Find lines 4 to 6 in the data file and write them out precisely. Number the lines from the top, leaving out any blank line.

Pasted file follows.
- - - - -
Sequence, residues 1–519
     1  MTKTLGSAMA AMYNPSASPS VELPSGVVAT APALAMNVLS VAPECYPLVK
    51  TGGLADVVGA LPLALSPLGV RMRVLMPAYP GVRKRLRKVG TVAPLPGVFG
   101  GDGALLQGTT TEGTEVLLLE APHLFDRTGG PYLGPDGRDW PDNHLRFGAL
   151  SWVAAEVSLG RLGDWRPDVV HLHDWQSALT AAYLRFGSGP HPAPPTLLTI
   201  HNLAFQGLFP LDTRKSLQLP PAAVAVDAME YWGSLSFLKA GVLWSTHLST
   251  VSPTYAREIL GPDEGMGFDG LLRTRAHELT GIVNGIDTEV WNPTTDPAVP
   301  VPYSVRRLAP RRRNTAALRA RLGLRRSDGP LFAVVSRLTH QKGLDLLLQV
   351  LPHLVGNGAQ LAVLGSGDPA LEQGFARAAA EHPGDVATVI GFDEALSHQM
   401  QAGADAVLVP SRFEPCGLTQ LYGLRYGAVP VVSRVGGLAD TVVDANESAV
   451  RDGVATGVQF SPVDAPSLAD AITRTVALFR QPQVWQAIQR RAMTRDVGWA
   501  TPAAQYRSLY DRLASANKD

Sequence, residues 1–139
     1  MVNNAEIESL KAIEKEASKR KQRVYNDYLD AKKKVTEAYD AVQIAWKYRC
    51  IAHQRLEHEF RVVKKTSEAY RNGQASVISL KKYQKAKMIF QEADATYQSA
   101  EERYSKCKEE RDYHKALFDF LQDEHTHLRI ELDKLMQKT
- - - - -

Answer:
   101  GDGALLQGTT TEGTEVLLLE APHLFDRTGG PYLGPDGRDW PDNHLRFGAL
   151  SWVAAEVSLG RLGDWRPDVV HLHDWQSALT AAYLRFGSGP HPAPPTLLTI
   201  HNLAFQGLFP LDTRKSLQLP PAAVAVDAME YWGSLSFLKA GVLWSTHLST